Document Type

Honors Thesis

Publication Date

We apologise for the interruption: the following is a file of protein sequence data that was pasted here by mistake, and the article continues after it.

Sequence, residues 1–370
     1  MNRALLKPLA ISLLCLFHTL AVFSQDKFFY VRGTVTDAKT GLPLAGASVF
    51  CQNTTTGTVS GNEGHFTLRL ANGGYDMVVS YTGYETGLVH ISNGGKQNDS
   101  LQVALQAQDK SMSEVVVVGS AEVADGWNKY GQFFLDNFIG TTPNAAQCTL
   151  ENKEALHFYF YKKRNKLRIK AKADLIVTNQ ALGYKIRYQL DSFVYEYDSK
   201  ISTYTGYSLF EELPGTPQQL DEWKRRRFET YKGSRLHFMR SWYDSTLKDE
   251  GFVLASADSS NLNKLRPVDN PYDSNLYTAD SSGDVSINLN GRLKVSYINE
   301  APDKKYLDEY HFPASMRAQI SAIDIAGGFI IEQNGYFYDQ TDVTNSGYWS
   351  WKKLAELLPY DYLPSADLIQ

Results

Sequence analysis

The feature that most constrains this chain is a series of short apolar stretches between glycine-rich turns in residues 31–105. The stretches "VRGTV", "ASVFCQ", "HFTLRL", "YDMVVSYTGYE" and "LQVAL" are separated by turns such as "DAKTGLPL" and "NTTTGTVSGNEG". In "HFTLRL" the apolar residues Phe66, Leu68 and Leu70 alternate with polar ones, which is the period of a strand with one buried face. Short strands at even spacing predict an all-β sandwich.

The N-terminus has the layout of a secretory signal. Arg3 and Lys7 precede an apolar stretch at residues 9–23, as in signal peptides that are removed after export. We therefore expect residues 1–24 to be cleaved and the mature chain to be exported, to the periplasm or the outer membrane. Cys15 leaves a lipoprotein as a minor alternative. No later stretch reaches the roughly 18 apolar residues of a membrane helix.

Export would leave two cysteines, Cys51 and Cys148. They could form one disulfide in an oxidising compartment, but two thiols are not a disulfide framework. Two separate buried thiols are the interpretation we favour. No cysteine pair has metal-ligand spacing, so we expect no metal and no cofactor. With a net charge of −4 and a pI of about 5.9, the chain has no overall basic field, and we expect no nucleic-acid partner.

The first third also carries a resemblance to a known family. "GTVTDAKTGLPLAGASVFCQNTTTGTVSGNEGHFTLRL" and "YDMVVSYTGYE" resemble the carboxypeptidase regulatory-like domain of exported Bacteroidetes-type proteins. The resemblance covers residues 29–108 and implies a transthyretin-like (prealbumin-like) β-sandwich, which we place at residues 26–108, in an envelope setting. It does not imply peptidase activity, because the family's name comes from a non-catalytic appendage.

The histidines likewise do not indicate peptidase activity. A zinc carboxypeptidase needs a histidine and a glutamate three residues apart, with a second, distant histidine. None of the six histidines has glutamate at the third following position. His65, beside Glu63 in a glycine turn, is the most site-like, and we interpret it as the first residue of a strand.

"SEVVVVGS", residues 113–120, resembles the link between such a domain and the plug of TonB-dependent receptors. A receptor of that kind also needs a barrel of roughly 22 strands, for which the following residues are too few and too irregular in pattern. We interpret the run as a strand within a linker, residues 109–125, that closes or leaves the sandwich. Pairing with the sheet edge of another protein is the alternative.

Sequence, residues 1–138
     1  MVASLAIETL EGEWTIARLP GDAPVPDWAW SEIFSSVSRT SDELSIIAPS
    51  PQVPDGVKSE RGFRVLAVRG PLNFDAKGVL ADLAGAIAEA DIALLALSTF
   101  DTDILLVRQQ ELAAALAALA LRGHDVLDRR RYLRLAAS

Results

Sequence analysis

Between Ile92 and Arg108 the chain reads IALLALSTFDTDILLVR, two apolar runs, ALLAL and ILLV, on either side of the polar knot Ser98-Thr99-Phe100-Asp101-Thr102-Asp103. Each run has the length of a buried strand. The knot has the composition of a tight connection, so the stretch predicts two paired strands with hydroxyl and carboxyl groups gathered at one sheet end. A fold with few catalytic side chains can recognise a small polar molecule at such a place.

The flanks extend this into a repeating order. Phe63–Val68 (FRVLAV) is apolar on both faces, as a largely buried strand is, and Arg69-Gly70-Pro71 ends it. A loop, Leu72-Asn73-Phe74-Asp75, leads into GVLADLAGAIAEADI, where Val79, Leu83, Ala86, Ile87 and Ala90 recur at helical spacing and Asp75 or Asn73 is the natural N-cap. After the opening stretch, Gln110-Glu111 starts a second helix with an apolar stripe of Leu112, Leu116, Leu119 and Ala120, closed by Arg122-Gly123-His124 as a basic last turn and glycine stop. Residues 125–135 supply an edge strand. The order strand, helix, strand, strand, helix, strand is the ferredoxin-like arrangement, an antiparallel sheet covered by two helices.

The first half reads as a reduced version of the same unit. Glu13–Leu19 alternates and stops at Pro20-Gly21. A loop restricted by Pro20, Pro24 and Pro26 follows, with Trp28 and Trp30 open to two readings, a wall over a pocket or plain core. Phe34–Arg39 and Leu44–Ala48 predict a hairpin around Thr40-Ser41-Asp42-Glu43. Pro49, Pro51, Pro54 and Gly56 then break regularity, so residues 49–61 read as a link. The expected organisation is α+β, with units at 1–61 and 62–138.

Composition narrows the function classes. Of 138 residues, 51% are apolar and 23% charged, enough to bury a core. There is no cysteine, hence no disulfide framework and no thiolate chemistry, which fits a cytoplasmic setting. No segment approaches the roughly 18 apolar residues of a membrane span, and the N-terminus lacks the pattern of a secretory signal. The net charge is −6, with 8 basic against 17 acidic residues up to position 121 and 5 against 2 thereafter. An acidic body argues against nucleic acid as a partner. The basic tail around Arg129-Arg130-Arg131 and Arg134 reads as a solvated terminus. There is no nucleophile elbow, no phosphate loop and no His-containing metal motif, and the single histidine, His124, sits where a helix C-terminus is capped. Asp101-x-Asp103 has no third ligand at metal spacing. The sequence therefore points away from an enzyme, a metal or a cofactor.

Snyder v. Phelps, a recent U.S. Supreme Court Case, appears to have had a vast but infrequently discussed impact on First Amendment law. In particular, the case changed the way Intentional Infliction of Emotional Distress claims are decided. Snyder v. Phelps shifted the manner in which speech is analyzed away from the method of analysis present in Hustler Magazine, Inc. v. Falwell. Rather than focusing mainly on what the status is of the target of speech, Snyder requires one first, and possibly only, look to the dominant thrust of the speech. If the dominant thrust of speech is on a matter of public concern, the speech receives Constitutional protection regardless of who it was targeted at. This thesis will explore the Court's analysis and the broad implications of the Court's decision.